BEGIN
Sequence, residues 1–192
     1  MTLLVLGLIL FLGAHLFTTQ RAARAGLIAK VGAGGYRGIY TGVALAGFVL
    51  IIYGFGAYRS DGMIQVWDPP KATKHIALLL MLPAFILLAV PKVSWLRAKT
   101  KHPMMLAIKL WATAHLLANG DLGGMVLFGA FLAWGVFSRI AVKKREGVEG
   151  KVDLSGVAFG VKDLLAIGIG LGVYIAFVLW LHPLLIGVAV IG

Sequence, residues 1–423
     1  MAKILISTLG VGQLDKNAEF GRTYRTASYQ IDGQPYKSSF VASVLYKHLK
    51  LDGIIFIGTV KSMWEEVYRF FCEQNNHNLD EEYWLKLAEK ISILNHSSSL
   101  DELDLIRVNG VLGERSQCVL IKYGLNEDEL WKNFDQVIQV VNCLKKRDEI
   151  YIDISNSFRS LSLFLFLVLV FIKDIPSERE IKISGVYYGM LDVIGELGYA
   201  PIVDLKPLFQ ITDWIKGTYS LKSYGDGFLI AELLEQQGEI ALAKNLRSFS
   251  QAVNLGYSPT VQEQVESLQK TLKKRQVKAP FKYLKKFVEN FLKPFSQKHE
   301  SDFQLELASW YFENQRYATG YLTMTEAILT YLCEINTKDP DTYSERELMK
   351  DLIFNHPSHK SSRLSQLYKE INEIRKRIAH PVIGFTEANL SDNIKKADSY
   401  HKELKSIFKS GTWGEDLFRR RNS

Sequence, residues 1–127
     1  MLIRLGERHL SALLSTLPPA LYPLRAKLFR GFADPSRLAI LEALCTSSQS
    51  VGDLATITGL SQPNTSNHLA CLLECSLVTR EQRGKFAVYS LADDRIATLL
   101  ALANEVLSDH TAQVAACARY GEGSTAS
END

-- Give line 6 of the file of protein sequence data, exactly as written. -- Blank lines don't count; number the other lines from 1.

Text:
Sequence, residues 1–423